Demolition Man's Writer Wasn't Trying to Be Prescient, He Just Wanted to Make a Funny Movie

By Beth Elderkin on at

If there was any piece of entertainment that no one expected to be a foreteller of the future, it was Demolition Man. However, the 1993 sci-fi action comedy predicted everything from corporate conglomerates to smoking bans – and now, social distancing. In a new interview, writer Daniel Waters said he’s just as surprised as we are that what happened in his film is coming to pass.

During a chat with Vulture, Waters talked about the latest global phenomenon to get the “Demolition Man predicted it” round of applause: social distancing. In the movie, physical contact has been largely banned. Sex is now done virtually, meetings can be called into remotely, and characters give each other air high fives instead of handshakes. What makes it feel even more eerie is the reason behind it: As explained by Lenina (Sandra Bullock), it was because people kept spreading diseases to one another. At the time, it was a commentary on the AIDS crisis, but now it takes on a different tone because of coronavirus.

“The mini-monologue she gives, about the different pandemics that led to this point – that speech, it seems so reasonable now. Slowly but surely, we’re getting them all,” he said. “I loved seeing the quote-unquote handshake Rob Schneider and Benjamin Bratt give each other in this. I can totally see it. Once you get into, ‘We don’t want anything icky in the future,’ then it’s funny how it just happens. You wouldn’t touch. You wouldn’t have sex, oh, god, no.”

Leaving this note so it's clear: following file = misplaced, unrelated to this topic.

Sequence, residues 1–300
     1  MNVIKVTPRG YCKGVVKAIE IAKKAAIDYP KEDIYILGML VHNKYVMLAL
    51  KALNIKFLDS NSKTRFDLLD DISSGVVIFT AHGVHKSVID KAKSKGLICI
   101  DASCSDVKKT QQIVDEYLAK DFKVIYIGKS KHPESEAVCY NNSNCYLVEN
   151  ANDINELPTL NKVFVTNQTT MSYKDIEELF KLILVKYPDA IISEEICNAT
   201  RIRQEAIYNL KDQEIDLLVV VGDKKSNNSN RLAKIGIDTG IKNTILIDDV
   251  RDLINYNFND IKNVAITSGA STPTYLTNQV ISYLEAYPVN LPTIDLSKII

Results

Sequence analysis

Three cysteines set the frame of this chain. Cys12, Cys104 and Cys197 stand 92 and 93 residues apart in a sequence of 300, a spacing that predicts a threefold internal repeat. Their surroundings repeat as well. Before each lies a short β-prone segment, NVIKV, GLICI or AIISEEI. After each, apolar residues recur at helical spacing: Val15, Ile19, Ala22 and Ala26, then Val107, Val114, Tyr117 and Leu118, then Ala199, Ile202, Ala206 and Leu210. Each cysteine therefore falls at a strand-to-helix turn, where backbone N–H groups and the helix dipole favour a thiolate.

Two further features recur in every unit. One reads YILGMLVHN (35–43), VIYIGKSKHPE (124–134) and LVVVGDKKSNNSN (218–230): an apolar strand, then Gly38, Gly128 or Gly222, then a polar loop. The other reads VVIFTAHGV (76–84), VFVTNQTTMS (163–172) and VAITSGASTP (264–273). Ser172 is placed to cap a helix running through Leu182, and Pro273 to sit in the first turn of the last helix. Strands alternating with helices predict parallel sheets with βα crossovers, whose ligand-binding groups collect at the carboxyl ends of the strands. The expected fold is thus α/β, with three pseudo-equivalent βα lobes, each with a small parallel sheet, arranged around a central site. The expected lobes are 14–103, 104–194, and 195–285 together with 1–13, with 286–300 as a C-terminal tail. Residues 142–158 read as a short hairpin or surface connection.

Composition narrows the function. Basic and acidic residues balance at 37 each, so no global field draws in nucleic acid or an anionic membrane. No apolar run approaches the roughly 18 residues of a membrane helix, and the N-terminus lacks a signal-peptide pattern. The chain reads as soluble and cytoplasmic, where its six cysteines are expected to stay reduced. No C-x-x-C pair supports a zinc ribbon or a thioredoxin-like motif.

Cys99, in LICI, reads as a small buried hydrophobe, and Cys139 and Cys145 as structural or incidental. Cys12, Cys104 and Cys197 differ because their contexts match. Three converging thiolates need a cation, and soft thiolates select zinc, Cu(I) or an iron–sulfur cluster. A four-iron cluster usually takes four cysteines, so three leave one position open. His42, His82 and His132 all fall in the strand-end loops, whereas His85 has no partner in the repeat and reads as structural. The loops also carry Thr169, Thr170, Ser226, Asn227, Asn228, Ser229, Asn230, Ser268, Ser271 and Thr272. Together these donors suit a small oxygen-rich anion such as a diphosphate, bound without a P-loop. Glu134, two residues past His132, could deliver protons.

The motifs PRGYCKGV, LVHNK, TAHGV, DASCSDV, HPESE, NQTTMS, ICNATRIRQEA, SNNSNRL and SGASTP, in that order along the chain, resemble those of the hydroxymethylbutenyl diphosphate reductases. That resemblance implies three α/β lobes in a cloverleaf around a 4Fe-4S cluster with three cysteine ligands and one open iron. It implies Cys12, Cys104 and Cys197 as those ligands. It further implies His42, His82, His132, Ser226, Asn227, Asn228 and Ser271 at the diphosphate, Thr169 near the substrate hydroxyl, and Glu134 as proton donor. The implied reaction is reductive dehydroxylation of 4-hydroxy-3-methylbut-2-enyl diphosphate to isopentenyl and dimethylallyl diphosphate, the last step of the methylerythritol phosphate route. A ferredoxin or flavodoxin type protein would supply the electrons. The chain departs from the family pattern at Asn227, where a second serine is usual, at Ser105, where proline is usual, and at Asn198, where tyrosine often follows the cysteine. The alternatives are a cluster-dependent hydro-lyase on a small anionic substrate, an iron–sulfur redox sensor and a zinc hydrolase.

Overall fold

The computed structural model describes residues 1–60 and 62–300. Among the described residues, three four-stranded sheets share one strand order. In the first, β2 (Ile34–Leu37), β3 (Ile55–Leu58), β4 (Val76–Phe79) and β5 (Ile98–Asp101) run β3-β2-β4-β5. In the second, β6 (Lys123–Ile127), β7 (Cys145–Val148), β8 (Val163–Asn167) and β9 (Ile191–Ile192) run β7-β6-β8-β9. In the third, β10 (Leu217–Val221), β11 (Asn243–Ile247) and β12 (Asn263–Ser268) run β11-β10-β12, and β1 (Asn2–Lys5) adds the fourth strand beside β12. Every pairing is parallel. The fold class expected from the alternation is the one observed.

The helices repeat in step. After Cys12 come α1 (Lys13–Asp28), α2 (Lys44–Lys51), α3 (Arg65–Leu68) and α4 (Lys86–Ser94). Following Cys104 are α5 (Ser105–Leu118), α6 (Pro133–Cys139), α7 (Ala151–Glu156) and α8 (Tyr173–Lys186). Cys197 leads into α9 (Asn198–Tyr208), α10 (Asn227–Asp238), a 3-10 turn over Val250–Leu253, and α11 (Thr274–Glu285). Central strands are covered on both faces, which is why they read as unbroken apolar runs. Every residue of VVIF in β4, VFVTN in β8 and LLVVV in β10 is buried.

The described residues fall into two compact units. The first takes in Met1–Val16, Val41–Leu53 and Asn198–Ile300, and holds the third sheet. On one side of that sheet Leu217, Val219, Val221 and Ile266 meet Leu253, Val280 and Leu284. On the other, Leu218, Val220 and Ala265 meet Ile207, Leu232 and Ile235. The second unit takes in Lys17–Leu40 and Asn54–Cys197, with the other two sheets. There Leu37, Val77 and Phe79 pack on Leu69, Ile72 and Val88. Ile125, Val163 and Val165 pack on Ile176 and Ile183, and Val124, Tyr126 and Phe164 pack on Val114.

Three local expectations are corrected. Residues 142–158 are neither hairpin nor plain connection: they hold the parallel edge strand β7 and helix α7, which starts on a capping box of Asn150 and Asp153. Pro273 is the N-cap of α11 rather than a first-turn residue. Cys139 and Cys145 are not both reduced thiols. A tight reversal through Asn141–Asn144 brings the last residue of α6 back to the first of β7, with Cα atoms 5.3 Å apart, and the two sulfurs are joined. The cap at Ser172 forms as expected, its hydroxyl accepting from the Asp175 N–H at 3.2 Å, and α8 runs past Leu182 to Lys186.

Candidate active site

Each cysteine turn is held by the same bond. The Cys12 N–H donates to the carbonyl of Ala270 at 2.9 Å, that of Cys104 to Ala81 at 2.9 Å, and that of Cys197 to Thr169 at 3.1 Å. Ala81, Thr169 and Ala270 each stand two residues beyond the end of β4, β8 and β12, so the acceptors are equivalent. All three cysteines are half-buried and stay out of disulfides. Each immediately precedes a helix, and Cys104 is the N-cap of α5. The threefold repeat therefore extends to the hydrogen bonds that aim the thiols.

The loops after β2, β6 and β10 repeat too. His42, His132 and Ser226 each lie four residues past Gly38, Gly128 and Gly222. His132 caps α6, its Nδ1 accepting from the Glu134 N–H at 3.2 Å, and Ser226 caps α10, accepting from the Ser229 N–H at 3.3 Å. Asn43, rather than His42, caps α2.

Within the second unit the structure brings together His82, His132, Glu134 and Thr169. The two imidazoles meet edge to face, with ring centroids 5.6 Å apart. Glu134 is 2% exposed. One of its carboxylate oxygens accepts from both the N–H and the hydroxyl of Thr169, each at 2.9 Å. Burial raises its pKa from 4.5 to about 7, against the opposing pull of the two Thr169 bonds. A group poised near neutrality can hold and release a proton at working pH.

That said, Waters isn’t one to toot his own horn about being a prognosticator of the future. He joined Demolition Man late in the game to rework the existing script (which had started out as a traditional action flick), adding humour and futuristic takes on modern popular culture. During his interview, he seemed kind of uncomfortable with all the praise about the film’s prescience.

“There’s a scene early on, where Wesley Snipes looks at who is in the prison with him, and the second name on the list is Scott Peterson – before he killed his wife,” he said. “So, this guy was saying, ‘Look at this! This movie predicted Scott Peterson was going to prison!’ Like, Jesus, let’s keep it down.”

This goes double for the hot takes coming from folks who are, shall we say, less inclined to support political correctness. One of Demolition Man’s main tenets is how the future is overly politically correct, something that Sylvester Stallone and Wesley Snipes’ characters actively work to overcome over the course of the movie. The ending moral seems to be that there should always be a middle ground, but some folks have taken a more extreme interpretation. One that Waters does not appear to agree with.

“Somebody linked me to this die-hard – I’ll put it charitably – libertarian guy who wrote ‘Actually, Demolition Man is the great thesis statement of the ’90s.’ It’s like, whoa, whoa. What, am I going to be Mr. Anti-Politically-Correct now? No, just having a little fun.”